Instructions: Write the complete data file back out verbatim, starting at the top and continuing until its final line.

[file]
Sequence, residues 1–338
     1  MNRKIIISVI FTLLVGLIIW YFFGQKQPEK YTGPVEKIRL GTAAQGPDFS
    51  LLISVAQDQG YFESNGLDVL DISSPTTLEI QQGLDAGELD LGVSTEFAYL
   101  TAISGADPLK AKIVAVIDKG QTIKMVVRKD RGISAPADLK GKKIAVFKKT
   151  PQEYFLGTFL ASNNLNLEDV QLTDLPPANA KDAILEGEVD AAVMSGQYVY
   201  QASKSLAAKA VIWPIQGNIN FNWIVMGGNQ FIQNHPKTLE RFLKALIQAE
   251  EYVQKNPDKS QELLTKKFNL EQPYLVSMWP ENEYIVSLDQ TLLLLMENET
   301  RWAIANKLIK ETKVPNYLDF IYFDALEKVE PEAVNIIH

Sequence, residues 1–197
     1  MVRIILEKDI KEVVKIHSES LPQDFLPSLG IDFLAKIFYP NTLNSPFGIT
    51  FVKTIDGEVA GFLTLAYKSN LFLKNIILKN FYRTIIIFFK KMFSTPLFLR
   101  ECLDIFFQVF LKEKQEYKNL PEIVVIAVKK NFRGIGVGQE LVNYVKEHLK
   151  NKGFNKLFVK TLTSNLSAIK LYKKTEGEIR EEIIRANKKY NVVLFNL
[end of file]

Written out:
Sequence, residues 1–338
     1  MNRKIIISVI FTLLVGLIIW YFFGQKQPEK YTGPVEKIRL GTAAQGPDFS
    51  LLISVAQDQG YFESNGLDVL DISSPTTLEI QQGLDAGELD LGVSTEFAYL
   101  TAISGADPLK AKIVAVIDKG QTIKMVVRKD RGISAPADLK GKKIAVFKKT
   151  PQEYFLGTFL ASNNLNLEDV QLTDLPPANA KDAILEGEVD AAVMSGQYVY
   201  QASKSLAAKA VIWPIQGNIN FNWIVMGGNQ FIQNHPKTLE RFLKALIQAE
   251  EYVQKNPDKS QELLTKKFNL EQPYLVSMWP ENEYIVSLDQ TLLLLMENET
   301  RWAIANKLIK ETKVPNYLDF IYFDALEKVE PEAVNIIH

Sequence, residues 1–197
     1  MVRIILEKDI KEVVKIHSES LPQDFLPSLG IDFLAKIFYP NTLNSPFGIT
    51  FVKTIDGEVA GFLTLAYKSN LFLKNIILKN FYRTIIIFFK KMFSTPLFLR
   101  ECLDIFFQVF LKEKQEYKNL PEIVVIAVKK NFRGIGVGQE LVNYVKEHLK
   151  NKGFNKLFVK TLTSNLSAIK LYKKTEGEIR EEIIRANKKY NVVLFNL